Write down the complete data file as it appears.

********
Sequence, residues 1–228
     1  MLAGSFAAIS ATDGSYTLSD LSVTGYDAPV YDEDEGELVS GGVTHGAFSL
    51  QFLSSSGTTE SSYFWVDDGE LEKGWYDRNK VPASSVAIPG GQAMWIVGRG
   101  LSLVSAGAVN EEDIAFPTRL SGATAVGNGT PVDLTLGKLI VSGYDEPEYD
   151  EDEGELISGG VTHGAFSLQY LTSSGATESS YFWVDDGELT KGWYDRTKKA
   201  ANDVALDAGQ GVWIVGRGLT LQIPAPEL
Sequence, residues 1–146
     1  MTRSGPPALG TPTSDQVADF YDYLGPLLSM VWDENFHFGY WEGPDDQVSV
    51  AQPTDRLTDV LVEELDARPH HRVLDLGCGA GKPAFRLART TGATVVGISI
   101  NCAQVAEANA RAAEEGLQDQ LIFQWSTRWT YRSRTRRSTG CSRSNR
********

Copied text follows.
Sequence, residues 1–228
     1  MLAGSFAAIS ATDGSYTLSD LSVTGYDAPV YDEDEGELVS GGVTHGAFSL
    51  QFLSSSGTTE SSYFWVDDGE LEKGWYDRNK VPASSVAIPG GQAMWIVGRG
   101  LSLVSAGAVN EEDIAFPTRL SGATAVGNGT PVDLTLGKLI VSGYDEPEYD
   151  EDEGELISGG VTHGAFSLQY LTSSGATESS YFWVDDGELT KGWYDRTKKA
   201  ANDVALDAGQ GVWIVGRGLT LQIPAPEL
Sequence, residues 1–146
     1  MTRSGPPALG TPTSDQVADF YDYLGPLLSM VWDENFHFGY WEGPDDQVSV
    51  AQPTDRLTDV LVEELDARPH HRVLDLGCGA GKPAFRLART TGATVVGISI
   101  NCAQVAEANA RAAEEGLQDQ LIFQWSTRWT YRSRTRRSTG CSRSNR